Security Studies Program Seminar
Associate Professor, Lehigh University
October 11, 2006
There is a timeliness to this presentation given the risk of Iraqi ethnic partition/separation. The question becomes one of assessing whether separation of warring populations is the best – or only – way to reduce deaths in communal civil wars and, if so, should the U.S. impose such separation on Iraq.
To an extent, this is unimportant because Iraq is partitioning itself. What drives this trend?
The logic of communal partitions is straightforward: whenever communities in multiethnic states cannot rely on the central government to prevent civil strife, they mobilize for self-defense and thus become a “pocket international system.”
The security dilemma thus fully applies to explain ethnic mobilization (an idea borrowed from Prof. Posen's 1993 Survival piece). Herein, the problem is that the material and rhetorical methods used for defense of the ethnic community poses an offensive threat to others. If and when we get to the point where all sides have mobilized for war and/or started conflict, it is immaterial as to what the original intent of the mobilization focused on.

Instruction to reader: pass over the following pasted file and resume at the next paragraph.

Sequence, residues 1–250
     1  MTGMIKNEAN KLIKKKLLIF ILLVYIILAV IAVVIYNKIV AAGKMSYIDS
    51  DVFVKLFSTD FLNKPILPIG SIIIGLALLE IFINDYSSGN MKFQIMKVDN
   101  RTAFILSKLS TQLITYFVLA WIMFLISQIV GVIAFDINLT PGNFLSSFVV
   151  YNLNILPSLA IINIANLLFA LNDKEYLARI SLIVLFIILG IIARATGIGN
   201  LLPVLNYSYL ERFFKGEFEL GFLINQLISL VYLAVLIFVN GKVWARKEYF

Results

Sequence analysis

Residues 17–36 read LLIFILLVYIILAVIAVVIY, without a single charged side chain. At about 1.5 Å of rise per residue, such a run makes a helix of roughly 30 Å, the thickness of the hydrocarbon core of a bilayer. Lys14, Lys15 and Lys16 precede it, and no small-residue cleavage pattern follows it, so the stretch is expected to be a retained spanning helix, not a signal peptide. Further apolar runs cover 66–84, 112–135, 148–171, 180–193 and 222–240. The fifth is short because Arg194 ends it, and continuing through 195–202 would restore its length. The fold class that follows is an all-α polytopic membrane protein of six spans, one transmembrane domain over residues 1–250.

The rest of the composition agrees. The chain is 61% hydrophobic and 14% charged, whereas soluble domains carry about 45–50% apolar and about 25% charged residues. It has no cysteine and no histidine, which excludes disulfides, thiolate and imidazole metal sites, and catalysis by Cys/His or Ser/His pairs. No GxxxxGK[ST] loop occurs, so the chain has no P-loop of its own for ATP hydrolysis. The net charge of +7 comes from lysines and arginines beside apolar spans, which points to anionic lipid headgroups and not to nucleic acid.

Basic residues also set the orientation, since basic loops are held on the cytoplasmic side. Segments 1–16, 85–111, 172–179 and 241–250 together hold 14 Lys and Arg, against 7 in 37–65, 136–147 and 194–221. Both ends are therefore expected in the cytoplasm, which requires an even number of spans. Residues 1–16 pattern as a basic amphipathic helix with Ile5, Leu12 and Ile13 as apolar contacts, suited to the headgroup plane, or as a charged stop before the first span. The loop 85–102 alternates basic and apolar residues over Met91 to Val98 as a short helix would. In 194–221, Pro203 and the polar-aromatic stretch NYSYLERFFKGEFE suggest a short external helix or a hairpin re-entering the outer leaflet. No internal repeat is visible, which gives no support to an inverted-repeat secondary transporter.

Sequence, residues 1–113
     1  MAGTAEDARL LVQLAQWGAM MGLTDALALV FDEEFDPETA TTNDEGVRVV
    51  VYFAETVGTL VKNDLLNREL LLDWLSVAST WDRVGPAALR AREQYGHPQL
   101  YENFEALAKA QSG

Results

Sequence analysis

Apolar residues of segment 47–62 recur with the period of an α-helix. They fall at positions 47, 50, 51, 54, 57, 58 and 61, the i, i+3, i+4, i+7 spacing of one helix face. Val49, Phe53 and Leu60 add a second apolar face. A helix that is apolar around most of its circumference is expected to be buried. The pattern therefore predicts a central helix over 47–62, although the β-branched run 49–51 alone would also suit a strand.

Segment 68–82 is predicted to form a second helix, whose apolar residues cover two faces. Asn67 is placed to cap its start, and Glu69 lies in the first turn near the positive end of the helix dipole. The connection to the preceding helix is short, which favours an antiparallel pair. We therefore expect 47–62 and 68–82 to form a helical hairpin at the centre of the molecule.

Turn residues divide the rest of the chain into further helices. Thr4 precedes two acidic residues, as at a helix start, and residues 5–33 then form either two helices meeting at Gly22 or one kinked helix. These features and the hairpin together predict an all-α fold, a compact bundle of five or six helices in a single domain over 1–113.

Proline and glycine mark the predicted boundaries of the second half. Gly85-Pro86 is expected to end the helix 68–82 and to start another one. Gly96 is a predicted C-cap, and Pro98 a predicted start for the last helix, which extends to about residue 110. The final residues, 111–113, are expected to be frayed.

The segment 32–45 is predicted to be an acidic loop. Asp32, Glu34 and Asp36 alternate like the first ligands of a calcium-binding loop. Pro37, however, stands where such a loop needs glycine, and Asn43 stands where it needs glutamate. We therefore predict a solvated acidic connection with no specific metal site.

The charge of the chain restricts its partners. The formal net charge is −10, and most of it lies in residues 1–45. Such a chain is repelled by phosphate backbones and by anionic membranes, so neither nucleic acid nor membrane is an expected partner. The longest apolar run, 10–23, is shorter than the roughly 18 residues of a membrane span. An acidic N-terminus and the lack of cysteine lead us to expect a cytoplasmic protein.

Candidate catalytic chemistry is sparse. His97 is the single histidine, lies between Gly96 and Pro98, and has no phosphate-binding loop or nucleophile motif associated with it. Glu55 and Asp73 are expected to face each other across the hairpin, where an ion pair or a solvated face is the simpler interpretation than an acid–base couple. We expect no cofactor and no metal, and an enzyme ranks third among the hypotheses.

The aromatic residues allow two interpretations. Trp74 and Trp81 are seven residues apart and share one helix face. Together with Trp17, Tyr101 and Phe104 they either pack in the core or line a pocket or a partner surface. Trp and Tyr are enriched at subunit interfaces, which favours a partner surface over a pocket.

The severity of the security dilemma varies: the more intermixed populations are, the greater the offensive opportunities of each sides for both organized forces, bandits and terrorists and thus the more difficult it is to organize community defenses short of cleansing areas of other ethnic groups to create homogeneous territorial zones.
The worst possible situation is to be situated in areas more individuals of a given ethnicity both exposed and threatening (i.e. ethnic pockets).
The security dilemma viz. population geography is insufficient for causing violence (other forces apply – greed, windows of opportunity, etc.), but it is useful for explaining the overarching process of mobilization and violence. Instead, the special value of security dilemma lens is to explain how communal wars play out – where worst atrocities are committed, when, why – and how de-escalation will play out.
In the Bosnia and Israel examples, ethnic cleansing occurred in those areas posing security threats to the Serbian and Jewish communities (respectively, e.g. road junctions) and not elsewhere.
These examples demonstrate that, until the security dilemma is mitigated and thus, the populations separated, peace negotiations are irrelevant.
Communal wars are path dependent – when one ethnic group goes to war, so do the others. Subsequently, you can't remix populations after conflict terminates because identity is defined by extremists and so polarized. Also, no power on earth can talk people out of remembering atrocity memories. Extremists thus gain leverage over moderates for a long time after the conflict.